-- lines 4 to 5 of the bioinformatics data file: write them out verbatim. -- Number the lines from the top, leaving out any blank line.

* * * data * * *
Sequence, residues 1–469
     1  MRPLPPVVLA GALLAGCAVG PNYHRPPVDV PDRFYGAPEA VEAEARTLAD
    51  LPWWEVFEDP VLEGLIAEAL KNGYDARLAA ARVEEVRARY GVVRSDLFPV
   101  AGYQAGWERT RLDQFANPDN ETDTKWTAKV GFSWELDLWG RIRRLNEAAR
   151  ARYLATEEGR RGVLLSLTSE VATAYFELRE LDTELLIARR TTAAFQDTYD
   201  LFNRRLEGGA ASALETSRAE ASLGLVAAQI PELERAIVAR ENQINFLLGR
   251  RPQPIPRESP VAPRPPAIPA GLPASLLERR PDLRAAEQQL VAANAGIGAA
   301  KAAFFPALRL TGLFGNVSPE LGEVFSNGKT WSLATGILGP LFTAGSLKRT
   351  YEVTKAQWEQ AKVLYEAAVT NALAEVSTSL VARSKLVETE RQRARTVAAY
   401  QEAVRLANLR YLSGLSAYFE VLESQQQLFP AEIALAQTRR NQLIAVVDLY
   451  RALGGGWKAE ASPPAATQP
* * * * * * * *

   101  AGYQAGWERT RLDQFANPDN ETDTKWTAKV GFSWELDLWG RIRRLNEAAR
   151  ARYLATEEGR RGVLLSLTSE VATAYFELRE LDTELLIARR TTAAFQDTYD